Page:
05-10-2006, 12:20 AM
I write poetry the same way I always have, however, the internet has changed it for me some, instant feedback from fellow poets, which better than the passing poetry notes back and forth to my friends in class while in h.s. (I still have all of that really terrible poetry in a binder somewhere..hidden forever hopefully!) Now instead of journals and binders I have folders on my hard drive and online doc storage for poetry and my novel MSs. For me the biggest thing with the internet's effect is convenience and instant gratification in the form of feedback. Not to mention safety of documents. They are not as easily lost, destroyed or misplaced as they used to be (and not as easily gotten into and read by people you didn't want to see them!) http://www.absolutewrite.com/forums/images/smilies/wink.gif
Regarding margins, I've always been a left margin person. Seems to me the shape shouldn't play as much as the words do. Line hops and different margins whether a shape or simply to separate the words more definitively didn't make much sense to me, that's what punctuation is for, isn't it?
Probably the biggest change for me is the accessibility to other poets, workshops like this one, feedback changing what a poem would have been to something better, (I"ve done that several times here with the help of you fine poets). The finetuning and critique that occurs in online forums such as this one.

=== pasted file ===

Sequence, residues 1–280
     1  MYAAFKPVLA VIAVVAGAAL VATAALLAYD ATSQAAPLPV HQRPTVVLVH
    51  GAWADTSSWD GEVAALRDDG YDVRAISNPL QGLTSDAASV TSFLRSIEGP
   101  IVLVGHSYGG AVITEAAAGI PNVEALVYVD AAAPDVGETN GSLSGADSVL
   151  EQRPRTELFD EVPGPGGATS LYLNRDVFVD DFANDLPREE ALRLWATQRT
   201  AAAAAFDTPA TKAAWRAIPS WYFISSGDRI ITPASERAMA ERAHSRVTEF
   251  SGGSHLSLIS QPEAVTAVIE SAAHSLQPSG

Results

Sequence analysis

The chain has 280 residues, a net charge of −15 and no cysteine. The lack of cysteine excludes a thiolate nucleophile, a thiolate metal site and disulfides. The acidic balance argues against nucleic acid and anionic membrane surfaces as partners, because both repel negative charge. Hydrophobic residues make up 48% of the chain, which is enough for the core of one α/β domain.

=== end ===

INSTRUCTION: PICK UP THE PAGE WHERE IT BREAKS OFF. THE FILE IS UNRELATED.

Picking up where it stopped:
KTC, it would have never occured to me that some of your very fine work was "on the fly" and that it would be considered "hackish" - this may be a case of a talented person being his own worst critic! http://www.absolutewrite.com/forums/images/smilies/smile.gif

05-10-2006, 12:38 AM
Well it's my fault that the articles only extend to justification-- I probably overreached in the topic of the post.

I'm a left-margin person, too, but I've been reading a lot of George Herbert recently-- can't get much more classical than that, right?-- and he spends quite a bit of time off the left margin. So, I can't argue that indention is too hackish! :)

05-10-2006, 02:32 AM
I agree with Trish in that I write things as I always have, but the truth is that I do work with variable indentation, and breaks and pauses (either in the form of ...... or ---) that breaj up the lines in much of my verse, and I've found I have a hard time translating them to Forums like this in the exact form I wrote them in without a lot of work, (even with their center and indent options) and so I basically don't try, and what people get here is NOT identical with my printed versions of the same poems.

Other than that, the Internet, with the Forums like this and Scam sites (like Poetry.com) that are available, has provided a venue for those who want to write and are not satisfied with what the "Establishment" deems to be Poetry.

The results are sometimes good, and often awful, because most who take advantage of such are untrained, and undiciplined in the skills that "Poetry" requires, but their very existance and prolifigacy show that "Poetry" is far from being DEAD, and, I think, that bodes very well for the future.

Good topic.....Thanks for bringing it up.